We will work with the provinces, territories and Indigenous communities to establish accessible, convenient, enriched and affordable child care spaces for any Canadian family that seeks it. We will support women to reenter the workforce whenever they choose after having children. The Green Party believes that workplace childcare has many advantages – enhanced parenting time and access to children through the work day, extension of breastfeeding opportunities, improved employee productivity, and improving the convenience of public transport when parents and kids share their morning destination. Tax breaks to employers for the creation of child care spaces is one tool among many we will use to ensure that families have the spaces they need.

    Several provinces have gone it alone in designing innovative programs that work for their populations. Quebec has $7aday daycare (now on a sliding scale up to $20 a day depending on income). Ontario is moving towards full day kindergarten for 4 and 5 year olds. We will ramp up to $1 billion a year to support existing and new programs that would be cost shared with the provinces.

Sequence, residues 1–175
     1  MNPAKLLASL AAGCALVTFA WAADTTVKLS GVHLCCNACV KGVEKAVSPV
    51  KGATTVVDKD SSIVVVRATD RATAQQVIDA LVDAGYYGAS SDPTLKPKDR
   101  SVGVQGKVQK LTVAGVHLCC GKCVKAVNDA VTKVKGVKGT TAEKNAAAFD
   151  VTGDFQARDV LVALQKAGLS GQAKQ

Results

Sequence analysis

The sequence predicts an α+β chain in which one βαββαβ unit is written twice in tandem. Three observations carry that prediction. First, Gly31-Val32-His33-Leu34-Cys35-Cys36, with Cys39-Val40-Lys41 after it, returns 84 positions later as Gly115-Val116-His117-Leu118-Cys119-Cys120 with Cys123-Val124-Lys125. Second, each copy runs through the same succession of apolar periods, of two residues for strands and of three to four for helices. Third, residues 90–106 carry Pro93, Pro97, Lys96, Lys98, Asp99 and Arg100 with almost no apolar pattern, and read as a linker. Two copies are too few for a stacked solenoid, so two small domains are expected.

In addition, we support phasing out the Universal Child Care Benefit (UCCB) and allocating the funds to federal support for a substantial increase in the number of regulated affordable child care spaces (the net cost of the UCCB will be approximately $6.7 billion by 20172018). Among other things, the Green Party goal is to negotiate with the provinces and territories to ensure that Canada collectively provides regulated child care spaces for 70 % of children age 6 or younger with working parents, instead of the mere 22.5% provided now.
  6. Halton Region continues to partner with all levels of government to find solutions to the pressing issues facing the Region. Continued dialogue and consultation with all levels of government is required to ensure the Region’s voice is heard on matters that will directly impact the Region and Halton residents.

    How will you and your government involve the Region as partners on federal matters that have a direct impact on the Region and Halton residents?

    Canada’s success has always depended on people working together. We are a country of vast geography and distinct regions. Good and effective government in Canada depends on bringing people together with a shared sense of purpose. In an era of global insecurity, it is more important than ever that we work together here at home.